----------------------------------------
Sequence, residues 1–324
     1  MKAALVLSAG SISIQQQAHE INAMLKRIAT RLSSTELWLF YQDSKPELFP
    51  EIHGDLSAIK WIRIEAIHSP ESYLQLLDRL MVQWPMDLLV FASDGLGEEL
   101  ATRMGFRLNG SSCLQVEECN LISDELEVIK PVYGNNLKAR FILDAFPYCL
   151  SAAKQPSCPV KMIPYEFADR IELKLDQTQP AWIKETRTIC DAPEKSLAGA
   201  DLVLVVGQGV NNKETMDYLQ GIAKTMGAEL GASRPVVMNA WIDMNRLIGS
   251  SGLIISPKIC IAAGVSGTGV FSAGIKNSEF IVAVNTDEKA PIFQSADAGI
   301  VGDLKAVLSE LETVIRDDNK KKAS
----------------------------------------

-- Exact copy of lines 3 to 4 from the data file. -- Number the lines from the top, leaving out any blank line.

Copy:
    51  EIHGDLSAIK WIRIEAIHSP ESYLQLLDRL MVQWPMDLLV FASDGLGEEL
   101  ATRMGFRLNG SSCLQVEECN LISDELEVIK PVYGNNLKAR FILDAFPYCL